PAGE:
- Oops!Something went wrong.Please try again later.
Kevin Ward Jr. died on Saturday night when he came in contact with Tony Stewart's vehicle during a Sprint car race at the Canandaigua (N.Y.) Motorsports Park. Until the late hours of Saturday night, I had no idea who Kevin Ward Jr. was, and most likely, neither did you.
Ward, a 20-year-old kid, is about to become the jumping-off point for an entire nation to rant about motorsports in general and Stewart in particular. Before that happens, before we go barreling down the road into a world of ill-informed speculation and sweeping judgments and thundering ignorance, take a moment to think about this kid.
Look at his picture. Given his age, it was obviously taken in the last couple years, and yet that face wouldn't look out of place in a Civil War photograph, defiant and a touch surly and still nowhere near old enough to be suffering the cold realities of the adult world.
Read his bio, cordially entitled "Getting to Know Kevin Ward Jr." It's written in a slightly stilted style, like a Sunday suit that doesn't fit quite right, and it's dated and yet still in a heartbreaking present tense: "Kevin Ward Jr is just 17 years old and he is the pilot of the Rider Racing Engines Powered #13 360 Sprint Car. He has had racing in his blood for all 17 years of his young life, and has raced for the last 13 of those years." It goes on from there, more than 400 words of minute detail about races and tracks and 14th-place finishes, and you know whoever wrote this loved, absolutely loved, the fact that Kevin Ward Jr. was living the life of a racer.
Think about where he came from. Ward was from Lyons Falls, N.Y., a town whose entire population could all comfortably shop at the same time in a single Wal-Mart. Growing up in small towns, you've got two choices: you decide you're going to settle in where you are, or you race as hard and fast as you can to achieve escape velocity. And you don't have long to make the choice.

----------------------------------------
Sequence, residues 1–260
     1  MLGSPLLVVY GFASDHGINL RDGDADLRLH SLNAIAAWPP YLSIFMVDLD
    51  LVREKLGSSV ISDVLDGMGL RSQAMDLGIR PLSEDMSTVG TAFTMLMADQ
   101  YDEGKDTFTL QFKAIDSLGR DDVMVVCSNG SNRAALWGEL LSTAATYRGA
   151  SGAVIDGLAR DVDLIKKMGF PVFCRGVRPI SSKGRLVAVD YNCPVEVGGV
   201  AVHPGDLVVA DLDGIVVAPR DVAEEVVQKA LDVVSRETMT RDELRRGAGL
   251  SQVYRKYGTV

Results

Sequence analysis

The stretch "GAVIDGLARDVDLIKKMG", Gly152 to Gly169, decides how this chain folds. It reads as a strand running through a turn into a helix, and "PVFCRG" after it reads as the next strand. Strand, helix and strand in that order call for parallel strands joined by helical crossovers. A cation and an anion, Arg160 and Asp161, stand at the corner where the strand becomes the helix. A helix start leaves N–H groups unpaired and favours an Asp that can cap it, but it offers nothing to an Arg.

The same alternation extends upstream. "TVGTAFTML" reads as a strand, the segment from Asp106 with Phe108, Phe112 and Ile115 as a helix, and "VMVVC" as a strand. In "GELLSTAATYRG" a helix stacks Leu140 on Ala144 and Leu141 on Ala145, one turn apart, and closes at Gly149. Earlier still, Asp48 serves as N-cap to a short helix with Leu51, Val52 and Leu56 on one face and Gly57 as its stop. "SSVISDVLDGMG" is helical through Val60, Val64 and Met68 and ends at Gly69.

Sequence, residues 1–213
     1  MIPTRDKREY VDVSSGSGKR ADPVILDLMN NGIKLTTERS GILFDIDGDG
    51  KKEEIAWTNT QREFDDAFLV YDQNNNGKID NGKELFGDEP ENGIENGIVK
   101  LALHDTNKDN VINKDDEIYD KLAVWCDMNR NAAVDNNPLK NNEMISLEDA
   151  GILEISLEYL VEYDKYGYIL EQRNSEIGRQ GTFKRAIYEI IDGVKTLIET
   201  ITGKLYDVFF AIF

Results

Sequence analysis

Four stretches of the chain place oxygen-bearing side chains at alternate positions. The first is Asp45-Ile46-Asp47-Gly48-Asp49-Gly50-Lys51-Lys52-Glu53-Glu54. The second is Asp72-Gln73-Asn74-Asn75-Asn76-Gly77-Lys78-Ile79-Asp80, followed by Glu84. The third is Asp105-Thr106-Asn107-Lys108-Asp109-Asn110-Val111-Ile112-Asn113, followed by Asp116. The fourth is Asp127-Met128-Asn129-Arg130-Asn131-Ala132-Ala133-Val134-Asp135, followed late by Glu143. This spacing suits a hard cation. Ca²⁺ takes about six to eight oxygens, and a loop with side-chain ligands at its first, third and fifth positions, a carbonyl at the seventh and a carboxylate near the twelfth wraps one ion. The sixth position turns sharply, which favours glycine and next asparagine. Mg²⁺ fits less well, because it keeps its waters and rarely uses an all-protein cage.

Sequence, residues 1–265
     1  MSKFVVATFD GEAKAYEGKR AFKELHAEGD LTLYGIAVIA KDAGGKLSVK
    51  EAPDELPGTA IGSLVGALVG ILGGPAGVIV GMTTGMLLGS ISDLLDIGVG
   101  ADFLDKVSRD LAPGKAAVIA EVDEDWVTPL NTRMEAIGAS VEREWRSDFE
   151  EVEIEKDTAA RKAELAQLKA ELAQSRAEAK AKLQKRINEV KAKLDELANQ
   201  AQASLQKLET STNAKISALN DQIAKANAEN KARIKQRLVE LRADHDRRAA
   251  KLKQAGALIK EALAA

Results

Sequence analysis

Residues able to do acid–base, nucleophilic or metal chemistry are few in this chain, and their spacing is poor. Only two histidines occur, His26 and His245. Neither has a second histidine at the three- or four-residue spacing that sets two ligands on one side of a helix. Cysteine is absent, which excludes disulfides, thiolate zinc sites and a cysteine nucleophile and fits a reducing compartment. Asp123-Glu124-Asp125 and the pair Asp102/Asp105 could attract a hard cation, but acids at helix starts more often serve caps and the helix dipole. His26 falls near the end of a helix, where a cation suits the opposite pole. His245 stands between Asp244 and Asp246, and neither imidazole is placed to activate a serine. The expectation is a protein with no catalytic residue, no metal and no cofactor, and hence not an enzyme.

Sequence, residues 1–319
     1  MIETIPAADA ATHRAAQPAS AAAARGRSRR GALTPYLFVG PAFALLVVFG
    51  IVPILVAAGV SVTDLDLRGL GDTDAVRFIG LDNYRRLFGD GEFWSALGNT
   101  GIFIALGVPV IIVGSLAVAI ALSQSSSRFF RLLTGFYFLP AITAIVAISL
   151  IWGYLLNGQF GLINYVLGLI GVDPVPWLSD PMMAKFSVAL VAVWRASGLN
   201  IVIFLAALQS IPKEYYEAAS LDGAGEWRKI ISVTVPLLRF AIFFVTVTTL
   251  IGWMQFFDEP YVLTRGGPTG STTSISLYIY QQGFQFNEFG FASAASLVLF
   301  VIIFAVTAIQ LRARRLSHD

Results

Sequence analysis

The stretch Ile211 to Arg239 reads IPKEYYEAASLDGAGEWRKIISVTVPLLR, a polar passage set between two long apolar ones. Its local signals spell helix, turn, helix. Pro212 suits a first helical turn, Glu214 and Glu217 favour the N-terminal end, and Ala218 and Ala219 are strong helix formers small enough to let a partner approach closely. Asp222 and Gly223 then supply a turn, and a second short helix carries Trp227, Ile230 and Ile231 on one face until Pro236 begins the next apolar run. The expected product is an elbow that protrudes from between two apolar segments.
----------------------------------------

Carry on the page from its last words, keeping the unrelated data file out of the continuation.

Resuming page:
Consider how fast he had to grow up. This is a kid who started racing go-karts when he was only four years old, a kid who had to hustle on and off the track. Racing isn't like football or basketball, where you join a school and a summer program with the infrastructure already in place. In racing, you've got to carve your own path, and you've got to get others to buy into your dream right from the start. Ward and his family hustled enough to get sponsors that believed in the kid, that were willing to put up money for him to race against drivers two and three times his age.
And now, this. The kid's gone. Maybe one day years from now he'd have reached NASCAR's highest levels; maybe he'd just be sitting around the local garage, telling the same story over and over about the time he raced Tony Stewart. He should have gotten the chance to go as far as his talent and drive would have taken him. He didn't get it. This is beyond unfair.
So here's what racing can give him, what Kevin Ward Jr. deserves: to be remembered. To be known as more than just a name in a much more famous driver's story. To be an inspiration to some other four-year-old kid who's got racing in his blood right now.
After Saturday night, Tony Stewart's future as a driver is in serious question. But no matter whether Stewart ever drives again, he's not the most important part of this story. Kevin Ward Jr. is, and always will be.